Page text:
It was a situation where two cities won a faceoff of sorts at the same time.
That’s because Ottawa and Tampa, Fla., each learned on Dec. 6, 1990, that they had landed an NHL expansion team.
“It’s a very special day,” said Bruce Firestone, a businessman who led the franchise bid effort in Ottawa. “We’ve worked very hard over two years to bring the National Hockey League back to Ottawa.”
The move would mean that NHL hockey would return to the Canadian capital after a near six-decade absence, as a prior team —also called the Senators — had been part of the league when it was founded.
But that original Senators organization moved to the U.S. and folded decades before.
The win for Ottawa and Tampa 28 years ago meant a loss for the half-dozen other cities — including Seattle — that had been seeking an NHL team of their own. (Hockey fans in that west coast city will finally see that dream become a reality in the 2021-2022 season, as the NHL recently announced it would grant Seattle a franchise of its own.)
‘The biggest thing’ ever?
In 1990, Ottawa Mayor Jim Durrell, didn’t hold back when expressing his excitement about the news of the newborn — and reborn — Senators franchise.
“This is the biggest thing that has ever happened to the City of Ottawa, other than being named the capital in 1857,” said Durrell, who would, within weeks, leave his mayoral responsibilities behind to focus solely on serving as president of the new hockey team.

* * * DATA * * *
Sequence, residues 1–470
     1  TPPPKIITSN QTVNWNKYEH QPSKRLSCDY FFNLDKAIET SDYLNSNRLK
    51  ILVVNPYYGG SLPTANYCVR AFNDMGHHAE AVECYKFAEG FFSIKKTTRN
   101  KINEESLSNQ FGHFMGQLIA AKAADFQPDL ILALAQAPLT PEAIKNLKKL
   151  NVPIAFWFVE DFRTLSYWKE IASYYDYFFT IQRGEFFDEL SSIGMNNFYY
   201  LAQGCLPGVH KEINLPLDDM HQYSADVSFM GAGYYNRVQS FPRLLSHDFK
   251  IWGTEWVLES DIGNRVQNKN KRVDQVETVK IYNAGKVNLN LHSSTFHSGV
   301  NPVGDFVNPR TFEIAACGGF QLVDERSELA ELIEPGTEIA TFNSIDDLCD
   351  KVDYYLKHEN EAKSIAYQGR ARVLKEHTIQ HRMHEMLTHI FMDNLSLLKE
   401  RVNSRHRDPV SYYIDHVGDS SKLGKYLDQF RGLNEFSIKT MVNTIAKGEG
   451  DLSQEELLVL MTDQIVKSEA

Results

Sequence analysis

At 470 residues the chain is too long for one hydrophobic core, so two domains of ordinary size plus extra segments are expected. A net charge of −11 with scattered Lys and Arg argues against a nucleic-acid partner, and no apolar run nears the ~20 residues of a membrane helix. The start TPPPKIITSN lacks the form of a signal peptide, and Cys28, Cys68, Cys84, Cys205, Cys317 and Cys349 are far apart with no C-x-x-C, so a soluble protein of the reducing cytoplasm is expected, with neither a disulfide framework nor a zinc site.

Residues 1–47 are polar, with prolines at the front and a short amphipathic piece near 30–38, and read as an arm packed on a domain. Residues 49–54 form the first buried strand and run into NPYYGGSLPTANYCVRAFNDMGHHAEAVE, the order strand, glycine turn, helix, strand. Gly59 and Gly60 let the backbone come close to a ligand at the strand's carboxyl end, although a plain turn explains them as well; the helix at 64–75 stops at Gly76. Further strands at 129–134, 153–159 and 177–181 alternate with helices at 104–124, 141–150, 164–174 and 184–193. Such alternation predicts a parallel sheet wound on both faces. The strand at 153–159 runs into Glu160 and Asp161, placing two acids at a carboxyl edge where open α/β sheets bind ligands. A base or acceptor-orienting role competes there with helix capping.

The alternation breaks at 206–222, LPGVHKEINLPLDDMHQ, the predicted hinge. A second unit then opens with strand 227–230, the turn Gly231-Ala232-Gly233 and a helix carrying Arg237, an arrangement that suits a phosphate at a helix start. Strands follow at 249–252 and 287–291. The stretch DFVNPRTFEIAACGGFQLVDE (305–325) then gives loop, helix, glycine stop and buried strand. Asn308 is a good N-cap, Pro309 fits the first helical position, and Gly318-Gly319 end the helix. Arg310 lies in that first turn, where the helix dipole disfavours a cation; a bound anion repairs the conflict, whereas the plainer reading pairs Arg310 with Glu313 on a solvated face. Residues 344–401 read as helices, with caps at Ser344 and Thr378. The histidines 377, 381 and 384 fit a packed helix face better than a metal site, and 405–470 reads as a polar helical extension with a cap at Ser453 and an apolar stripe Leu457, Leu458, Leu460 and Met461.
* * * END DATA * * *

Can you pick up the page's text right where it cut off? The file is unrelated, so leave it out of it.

After winning the bid, the new Ottawa franchise still had a lot of work to do to be ready for the start of the 1992-93 NHL season.
The Senators’ ownership was going to have to stickhandle the construction of a new arena. It was to be built on farmland that was still not rezoned when Ottawa was granted its franchise.
And the team would also have to build an organization and eventually draft players.
The team would meet those challenges and remains in the NHL today.
Since joining the league, the Senators have made 13 post-season appearances and a trip to the Stanley Cup finals.